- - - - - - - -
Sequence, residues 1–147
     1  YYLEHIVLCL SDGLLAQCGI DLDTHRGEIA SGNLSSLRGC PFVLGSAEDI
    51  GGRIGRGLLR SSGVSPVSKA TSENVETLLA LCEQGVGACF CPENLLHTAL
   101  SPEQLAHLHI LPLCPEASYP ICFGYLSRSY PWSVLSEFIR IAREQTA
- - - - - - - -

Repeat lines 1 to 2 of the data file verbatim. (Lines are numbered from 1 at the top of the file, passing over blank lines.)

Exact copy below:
Sequence, residues 1–147
     1  YYLEHIVLCL SDGLLAQCGI DLDTHRGEIA SGNLSSLRGC PFVLGSAEDI